When it comes to time, two minutes seems like nothing, especially when you’re watching your favorite television program, playing a game or doing something else you really enjoy.
All it takes to brush your teeth is two minutes, twice a day. Yet, somehow, those two minutes seem like forever. How important are those two minutes?
Why Two Minutes Matter
Simply swiping your toothbrush quickly over the surface of your teeth and calling it good is not nearly enough time to properly clean your teeth.
And leaving behind plaque, bacteria and food particles promotes bacterial growth, and puts you at a higher risk for gum disease and tooth decay. In two minutes, only 120 seconds, you can much more effectively clean all surfaces of your teeth.
Technique Matters, Too
Just as important as the time spent on brushing is your technique. In fact, if you brush incorrectly, it doesn’t really matter how much time you spend brushing. In order to properly brush your teeth:
• Buy a toothpaste with the ADA seal.
• Use only a small amount of toothpaste. In this case, more does not mean better.
• Hold the toothbrush at a 45-degree angle to your gums.
• Brush all surfaces of your mouth, fronts of teeth, backsides, chewing surfaces. Don’t forget your tongue, too!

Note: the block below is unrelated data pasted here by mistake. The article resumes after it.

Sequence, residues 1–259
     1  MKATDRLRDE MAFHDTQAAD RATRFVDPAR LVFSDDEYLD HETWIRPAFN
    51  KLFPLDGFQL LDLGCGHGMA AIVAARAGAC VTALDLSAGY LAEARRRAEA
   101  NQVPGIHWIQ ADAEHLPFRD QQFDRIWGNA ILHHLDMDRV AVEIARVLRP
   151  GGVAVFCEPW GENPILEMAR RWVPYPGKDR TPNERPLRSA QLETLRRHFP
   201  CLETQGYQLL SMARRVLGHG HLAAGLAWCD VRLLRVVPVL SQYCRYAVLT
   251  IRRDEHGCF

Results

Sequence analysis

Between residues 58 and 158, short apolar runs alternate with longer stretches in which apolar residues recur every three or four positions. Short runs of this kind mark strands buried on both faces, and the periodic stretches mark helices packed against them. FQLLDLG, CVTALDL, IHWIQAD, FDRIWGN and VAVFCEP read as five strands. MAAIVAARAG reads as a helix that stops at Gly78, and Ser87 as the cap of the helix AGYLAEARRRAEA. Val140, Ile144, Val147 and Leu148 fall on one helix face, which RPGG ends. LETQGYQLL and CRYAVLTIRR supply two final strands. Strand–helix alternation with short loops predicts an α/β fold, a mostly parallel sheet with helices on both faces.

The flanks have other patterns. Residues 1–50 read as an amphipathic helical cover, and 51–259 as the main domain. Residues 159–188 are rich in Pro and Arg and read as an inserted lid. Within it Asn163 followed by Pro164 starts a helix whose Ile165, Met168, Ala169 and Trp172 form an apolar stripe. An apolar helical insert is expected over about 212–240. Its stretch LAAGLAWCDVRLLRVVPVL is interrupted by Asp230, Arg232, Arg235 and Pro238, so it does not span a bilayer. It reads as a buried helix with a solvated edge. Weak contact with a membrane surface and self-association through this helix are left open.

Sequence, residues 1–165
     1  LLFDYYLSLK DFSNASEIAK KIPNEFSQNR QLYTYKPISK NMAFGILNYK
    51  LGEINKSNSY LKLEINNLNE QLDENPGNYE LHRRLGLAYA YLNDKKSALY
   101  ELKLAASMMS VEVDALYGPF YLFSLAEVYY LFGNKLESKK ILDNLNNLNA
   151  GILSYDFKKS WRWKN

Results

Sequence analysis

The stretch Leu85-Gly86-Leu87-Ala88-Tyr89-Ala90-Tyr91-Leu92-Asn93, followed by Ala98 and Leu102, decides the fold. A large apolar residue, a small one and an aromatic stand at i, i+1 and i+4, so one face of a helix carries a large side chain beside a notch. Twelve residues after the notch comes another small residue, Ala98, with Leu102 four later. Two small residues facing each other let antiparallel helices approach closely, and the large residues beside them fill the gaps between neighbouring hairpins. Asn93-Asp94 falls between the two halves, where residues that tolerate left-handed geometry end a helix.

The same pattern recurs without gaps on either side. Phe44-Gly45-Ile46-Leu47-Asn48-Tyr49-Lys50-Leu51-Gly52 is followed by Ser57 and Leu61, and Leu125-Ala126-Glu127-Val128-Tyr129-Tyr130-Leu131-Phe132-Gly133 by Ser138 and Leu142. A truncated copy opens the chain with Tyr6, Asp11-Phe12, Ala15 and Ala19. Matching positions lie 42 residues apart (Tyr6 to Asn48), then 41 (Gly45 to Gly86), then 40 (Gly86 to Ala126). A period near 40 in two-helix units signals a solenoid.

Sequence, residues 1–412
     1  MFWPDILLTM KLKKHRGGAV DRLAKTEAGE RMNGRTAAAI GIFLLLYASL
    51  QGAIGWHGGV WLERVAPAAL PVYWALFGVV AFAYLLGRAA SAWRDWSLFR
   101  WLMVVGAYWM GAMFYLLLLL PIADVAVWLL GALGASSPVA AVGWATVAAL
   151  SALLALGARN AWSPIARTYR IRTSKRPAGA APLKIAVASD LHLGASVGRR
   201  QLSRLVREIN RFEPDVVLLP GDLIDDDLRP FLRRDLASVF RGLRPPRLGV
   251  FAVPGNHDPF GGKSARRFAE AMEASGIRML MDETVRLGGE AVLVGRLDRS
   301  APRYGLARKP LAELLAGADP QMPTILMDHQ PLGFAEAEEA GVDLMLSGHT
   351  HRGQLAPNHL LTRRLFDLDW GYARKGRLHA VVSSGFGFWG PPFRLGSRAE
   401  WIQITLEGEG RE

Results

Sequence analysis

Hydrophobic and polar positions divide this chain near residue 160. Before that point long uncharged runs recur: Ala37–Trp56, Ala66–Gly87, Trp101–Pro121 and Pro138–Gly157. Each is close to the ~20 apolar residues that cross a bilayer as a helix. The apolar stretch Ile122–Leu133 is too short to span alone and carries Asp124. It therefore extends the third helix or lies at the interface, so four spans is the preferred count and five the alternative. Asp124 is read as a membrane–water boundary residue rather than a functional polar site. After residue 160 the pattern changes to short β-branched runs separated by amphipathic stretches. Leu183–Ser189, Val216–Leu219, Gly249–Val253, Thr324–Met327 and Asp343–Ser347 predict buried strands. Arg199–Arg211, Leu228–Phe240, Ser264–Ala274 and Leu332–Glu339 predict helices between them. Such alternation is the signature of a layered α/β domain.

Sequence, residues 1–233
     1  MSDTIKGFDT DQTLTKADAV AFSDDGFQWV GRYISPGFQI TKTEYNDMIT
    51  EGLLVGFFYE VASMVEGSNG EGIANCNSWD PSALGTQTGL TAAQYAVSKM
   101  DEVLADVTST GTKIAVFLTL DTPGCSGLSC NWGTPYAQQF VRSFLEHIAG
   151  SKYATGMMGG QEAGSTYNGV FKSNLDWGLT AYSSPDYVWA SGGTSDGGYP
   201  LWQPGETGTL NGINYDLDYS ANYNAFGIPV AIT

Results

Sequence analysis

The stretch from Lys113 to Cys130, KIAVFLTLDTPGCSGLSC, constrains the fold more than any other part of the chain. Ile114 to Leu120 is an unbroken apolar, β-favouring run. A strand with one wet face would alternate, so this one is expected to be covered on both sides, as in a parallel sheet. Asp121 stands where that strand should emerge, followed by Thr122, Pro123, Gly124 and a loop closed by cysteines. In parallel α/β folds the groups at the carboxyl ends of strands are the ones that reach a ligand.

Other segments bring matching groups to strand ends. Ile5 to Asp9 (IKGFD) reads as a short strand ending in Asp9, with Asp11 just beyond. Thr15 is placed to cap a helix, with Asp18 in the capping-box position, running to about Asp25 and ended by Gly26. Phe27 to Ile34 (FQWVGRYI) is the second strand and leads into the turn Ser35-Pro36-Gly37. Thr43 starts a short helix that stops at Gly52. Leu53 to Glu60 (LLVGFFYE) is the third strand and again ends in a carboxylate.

Invest in Electric
An electric toothbrush vibrates and moves the bristles, essentially doing all of the hard work for you. All you need to do is guide the toothbrush across all surfaces of your teeth. There are several models of electric toothbrush that have timers built in, so you’ll be sure to reach your two minutes every time.
Can You Brush Too Much?
While dentists recommend brushing twice a day, it is not a problem to brush more. It is, however, a problem to brush too hard. Don’t be fooled into thinking that if you brush harder, you don’t have to brush as long. If you brush too hard, you can wear your gums and the enamel of your teeth, leading to gum recession, tooth sensitivity, and an increased risk of developing tooth decay.
Those two minutes twice a day can make or break your fight against serious oral health issues, such as tooth decay and gum disease. For more information about how to properly brush your teeth, contact our office today.